Not every part of Yiddishland in the past was a happy place, Hersh Mendel, quoted in this book, remarked that he “cannot remember one single joyful hour” at heder (religious education classes). He became a revolutionary.This was the period, one of the periods, when Jews lived in abject poverty. Yaakov Greenstein recalls “a neighbour’s farm where there were eight children at home. The father went from village to village with a colleague, collecting scrap metal. They had a cart but no horse to pull it; one of them took the front, the other pushed, and they went along the roads, in this way, among the goyim, from dawn to night.” For some, the answer lay in socialism which could lead to family problems such as disapproval from religious parents annoyed because the Bund (the main Jewish socialist organisation) published its daily newspaper on Shabbos, on the Sabbath.

The revolutionary Yiddishland that people like Mendel and Greenstein joined was that of the Bund, of Poale Zion (the socialist Zionist group) and even the Communist Party where they had their own battles to survive and hold on to their Jewish culture. This is the milieu that the authors cover, the world not of industrialists or prominent figures but “the tailors, shoemakers, furriers, carpenters, tinsmiths and other Yiddish craftsmen…” internationalists who were “exploited in the wretched workshops of Warsaw, Bialystok and Vilnius.”
Revolutionary Yiddishland was first published in France in 1983 when there was a critical mass of people still alive from that period to interview. The new English-language edition keeps their memory alive, as the best parts of the book are the interviews, quotes and reminiscences of those who were the history younger people can only experience secondhand. We read of people like Pierre Sherf, wounded while taking part in the Spanish Civil War, a volunteer in the French army against the Nazis and then active in the underground Resistance with other Romanian immigrants in France. People like Hanna Levy-Haas from Sarajevo, another member of the Resistance, this time to the Italian occupation of Montenegro. As an elder, living in Israel, she became active in the women’s movement and against the war in Lebanon.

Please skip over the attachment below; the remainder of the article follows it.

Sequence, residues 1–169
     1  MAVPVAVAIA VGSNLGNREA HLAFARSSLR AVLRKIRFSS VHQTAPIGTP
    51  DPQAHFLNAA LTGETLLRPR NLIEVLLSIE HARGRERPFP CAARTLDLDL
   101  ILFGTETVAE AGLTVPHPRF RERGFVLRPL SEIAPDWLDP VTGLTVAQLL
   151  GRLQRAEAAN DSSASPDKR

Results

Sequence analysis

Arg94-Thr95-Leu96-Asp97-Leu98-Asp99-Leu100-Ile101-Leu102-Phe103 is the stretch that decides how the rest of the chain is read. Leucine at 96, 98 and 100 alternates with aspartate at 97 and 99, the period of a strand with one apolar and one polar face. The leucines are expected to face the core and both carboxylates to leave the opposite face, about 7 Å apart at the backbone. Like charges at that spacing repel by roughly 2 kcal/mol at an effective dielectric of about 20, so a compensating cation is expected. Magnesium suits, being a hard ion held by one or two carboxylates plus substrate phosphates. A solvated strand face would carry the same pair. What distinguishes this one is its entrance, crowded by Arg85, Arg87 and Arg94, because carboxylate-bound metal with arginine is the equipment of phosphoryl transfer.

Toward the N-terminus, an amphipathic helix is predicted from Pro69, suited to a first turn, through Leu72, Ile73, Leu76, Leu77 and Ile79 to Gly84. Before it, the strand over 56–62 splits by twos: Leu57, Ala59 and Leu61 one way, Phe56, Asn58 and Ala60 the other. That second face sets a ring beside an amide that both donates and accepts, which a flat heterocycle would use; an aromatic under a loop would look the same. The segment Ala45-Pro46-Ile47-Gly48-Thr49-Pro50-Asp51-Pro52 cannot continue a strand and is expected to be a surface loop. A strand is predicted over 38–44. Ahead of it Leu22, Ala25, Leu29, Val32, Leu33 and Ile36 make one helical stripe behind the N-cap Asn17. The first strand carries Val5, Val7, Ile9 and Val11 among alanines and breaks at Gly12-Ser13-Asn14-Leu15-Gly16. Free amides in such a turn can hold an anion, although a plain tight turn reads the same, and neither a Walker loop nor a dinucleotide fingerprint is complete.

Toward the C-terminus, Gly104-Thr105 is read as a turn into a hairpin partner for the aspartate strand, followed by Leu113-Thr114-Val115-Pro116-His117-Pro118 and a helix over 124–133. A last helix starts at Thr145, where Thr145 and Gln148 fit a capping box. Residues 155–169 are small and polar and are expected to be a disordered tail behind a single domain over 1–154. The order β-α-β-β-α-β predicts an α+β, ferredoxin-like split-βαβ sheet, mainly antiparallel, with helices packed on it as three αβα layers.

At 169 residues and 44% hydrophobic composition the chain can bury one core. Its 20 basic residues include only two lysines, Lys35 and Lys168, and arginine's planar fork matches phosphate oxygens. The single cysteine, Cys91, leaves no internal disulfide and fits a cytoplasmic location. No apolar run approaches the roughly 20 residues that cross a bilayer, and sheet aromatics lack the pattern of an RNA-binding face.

Those who were Communists had the greatest problems over the Molotov/Ribbentrop pact. Unease would be an understatement and in France the Yiddish left paper Naie presse could barely hold the Party line. When Hitler invaded the Soviet Union, Adam Rayski said “And so, for us to become ourselves again – that is Jews, Frenchmen, anti-fascists – we needed Hitler’s aggression.” But it was not over yet with activists like Artur London arrested as part of the anti-Semitic Slansky round-up in Czechoslovakia. The fact that he survived being in Mauthausen concentration camp helping to prove his culpability. This was the revolution betrayed.